E. coliWhat is E. coli?Dictionary definition: A bacillus normally found in the human gastrointestinal tract and existing as numerous strains, some of which are responsible for diarrheal diseases. Other strains have been used experimentally in molecular biology.
E. coli's scientific name is Escherichia Coli O157:H7! (Say that five times fast!) The numbers and letters are in its name because of the other hundreds of types of E. coli, and the specific markers found on its surface. It is not only a tongue twister, but an extremely dangerous type of bacteria.
This particular type of E. coli is one of hundreds of strains of the bacterium E. coli. Most strains are perfectly harmless, living in the intestines of humans and animals. The presence of E. coli and other kinds of bacteria within our intestines is necessary in our intestines for us to develop and operate properly, and for us to remain healthy.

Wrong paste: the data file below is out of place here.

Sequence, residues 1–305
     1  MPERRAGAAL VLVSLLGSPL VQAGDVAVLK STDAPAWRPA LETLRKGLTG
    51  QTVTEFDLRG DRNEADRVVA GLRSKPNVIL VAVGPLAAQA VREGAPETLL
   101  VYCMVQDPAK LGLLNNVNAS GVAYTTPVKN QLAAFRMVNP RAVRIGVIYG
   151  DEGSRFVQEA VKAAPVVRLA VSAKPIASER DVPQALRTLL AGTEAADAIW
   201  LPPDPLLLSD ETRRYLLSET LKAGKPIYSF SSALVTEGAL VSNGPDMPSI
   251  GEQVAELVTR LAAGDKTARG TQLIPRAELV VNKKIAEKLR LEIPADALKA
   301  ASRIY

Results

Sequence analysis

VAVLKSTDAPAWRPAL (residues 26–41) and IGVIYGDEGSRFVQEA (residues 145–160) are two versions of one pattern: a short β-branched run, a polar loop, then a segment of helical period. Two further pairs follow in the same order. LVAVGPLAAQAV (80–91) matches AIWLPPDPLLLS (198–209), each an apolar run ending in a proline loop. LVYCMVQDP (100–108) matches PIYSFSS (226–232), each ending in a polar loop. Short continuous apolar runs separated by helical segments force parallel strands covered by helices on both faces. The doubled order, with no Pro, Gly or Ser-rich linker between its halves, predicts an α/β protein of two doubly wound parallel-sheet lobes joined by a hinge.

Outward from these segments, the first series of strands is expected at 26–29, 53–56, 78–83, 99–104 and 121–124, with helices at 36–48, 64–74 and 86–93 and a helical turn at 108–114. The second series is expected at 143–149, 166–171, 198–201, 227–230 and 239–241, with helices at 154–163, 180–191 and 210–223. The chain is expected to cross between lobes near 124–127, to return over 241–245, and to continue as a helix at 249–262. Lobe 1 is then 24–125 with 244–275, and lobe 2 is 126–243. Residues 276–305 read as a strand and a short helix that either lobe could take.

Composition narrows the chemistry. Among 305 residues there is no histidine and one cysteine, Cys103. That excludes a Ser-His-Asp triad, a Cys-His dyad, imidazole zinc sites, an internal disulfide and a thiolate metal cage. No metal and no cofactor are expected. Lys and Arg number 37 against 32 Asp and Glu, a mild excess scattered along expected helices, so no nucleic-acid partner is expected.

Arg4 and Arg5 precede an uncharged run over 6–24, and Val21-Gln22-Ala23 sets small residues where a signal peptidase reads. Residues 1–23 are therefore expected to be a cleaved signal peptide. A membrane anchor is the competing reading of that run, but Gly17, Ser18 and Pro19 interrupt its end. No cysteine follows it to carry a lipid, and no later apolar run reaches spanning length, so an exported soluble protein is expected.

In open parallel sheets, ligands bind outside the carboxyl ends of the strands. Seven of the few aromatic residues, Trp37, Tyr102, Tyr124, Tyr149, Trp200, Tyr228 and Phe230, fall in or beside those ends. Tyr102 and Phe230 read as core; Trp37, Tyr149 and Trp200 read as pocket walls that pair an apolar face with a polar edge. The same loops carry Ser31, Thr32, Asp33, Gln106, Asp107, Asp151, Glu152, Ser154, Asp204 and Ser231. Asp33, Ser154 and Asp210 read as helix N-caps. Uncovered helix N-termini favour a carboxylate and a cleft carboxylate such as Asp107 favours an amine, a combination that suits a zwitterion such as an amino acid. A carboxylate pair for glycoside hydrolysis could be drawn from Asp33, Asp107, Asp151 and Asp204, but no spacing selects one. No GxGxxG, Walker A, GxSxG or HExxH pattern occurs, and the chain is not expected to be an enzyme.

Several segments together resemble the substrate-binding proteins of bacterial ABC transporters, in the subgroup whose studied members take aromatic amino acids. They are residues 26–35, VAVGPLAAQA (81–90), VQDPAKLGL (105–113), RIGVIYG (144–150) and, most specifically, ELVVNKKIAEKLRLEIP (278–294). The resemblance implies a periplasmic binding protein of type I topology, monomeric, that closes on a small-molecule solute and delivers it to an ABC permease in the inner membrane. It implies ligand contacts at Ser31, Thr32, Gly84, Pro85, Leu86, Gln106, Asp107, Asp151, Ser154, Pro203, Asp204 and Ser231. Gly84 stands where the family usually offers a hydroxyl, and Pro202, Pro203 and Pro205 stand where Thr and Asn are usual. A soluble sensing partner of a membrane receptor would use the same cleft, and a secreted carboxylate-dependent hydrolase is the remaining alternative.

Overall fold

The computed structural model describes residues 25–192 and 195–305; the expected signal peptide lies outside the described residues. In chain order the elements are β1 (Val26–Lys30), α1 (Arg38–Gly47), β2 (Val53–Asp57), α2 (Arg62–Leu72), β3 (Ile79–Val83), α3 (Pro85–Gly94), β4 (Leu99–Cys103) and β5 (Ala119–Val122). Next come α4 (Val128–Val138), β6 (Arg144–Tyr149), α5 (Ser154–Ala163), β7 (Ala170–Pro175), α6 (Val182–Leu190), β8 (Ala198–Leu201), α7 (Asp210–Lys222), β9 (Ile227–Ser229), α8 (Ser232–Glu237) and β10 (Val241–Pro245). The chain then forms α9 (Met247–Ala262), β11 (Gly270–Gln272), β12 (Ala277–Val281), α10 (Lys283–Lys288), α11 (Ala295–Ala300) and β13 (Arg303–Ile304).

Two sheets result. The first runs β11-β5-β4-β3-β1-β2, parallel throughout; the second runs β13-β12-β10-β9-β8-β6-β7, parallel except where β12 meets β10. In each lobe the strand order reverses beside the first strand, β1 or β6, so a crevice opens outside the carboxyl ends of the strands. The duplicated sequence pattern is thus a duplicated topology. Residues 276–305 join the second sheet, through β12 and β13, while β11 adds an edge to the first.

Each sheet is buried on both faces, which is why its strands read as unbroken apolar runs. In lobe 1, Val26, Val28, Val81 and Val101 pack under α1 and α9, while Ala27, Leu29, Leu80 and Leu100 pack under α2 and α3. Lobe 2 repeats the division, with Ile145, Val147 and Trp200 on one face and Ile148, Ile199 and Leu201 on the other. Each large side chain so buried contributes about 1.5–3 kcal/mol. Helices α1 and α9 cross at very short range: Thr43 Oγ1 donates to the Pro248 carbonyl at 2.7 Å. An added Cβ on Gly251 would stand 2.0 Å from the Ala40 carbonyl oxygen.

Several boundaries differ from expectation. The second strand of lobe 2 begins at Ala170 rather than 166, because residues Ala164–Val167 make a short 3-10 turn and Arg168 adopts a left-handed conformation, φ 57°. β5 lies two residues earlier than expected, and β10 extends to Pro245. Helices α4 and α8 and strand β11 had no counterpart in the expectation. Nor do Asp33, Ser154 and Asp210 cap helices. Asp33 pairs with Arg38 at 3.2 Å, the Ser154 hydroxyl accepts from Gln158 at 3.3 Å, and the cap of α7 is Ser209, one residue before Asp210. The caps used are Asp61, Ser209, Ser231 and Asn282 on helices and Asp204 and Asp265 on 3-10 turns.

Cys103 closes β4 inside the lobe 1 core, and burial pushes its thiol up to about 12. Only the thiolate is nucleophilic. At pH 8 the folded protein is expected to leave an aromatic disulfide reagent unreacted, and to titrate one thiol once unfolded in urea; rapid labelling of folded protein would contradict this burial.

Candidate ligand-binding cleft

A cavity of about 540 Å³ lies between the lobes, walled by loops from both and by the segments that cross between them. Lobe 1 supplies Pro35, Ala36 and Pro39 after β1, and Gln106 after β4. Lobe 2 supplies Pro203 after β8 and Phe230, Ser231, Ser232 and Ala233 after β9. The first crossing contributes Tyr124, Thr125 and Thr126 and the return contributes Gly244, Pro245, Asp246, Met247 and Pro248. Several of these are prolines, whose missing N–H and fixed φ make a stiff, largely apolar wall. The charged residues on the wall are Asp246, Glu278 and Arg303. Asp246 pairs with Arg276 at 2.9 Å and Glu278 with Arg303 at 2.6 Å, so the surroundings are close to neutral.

E. coli and other kinds of bacteria provide us with many essential vitamins. We pretty much depend upon E. coli in our intestines for our source of vitamin K and B-complex vitamins. Yet some strains produce a powerful toxin and can cause severe illness.
E. coli was first recognised in 1982 by a German physicist by the name of Theodor von Escherich (1857-1911). The bacteria was named after him. It was recognised because of an outbreak of bloody diarrhea. The illness was then traced to hamburger contamination. Since then, most infections have been caused because of undercooked meat.
What sickness is caused by E. coli?Once infected with E. coli, the worst case scenario would be hemolytic uremic syndrome. This serious disease is the principal cause of kidney failure and death in children, though it is sometimes found in elderly people as well.
In hemolytic uremic syndrome, a person's...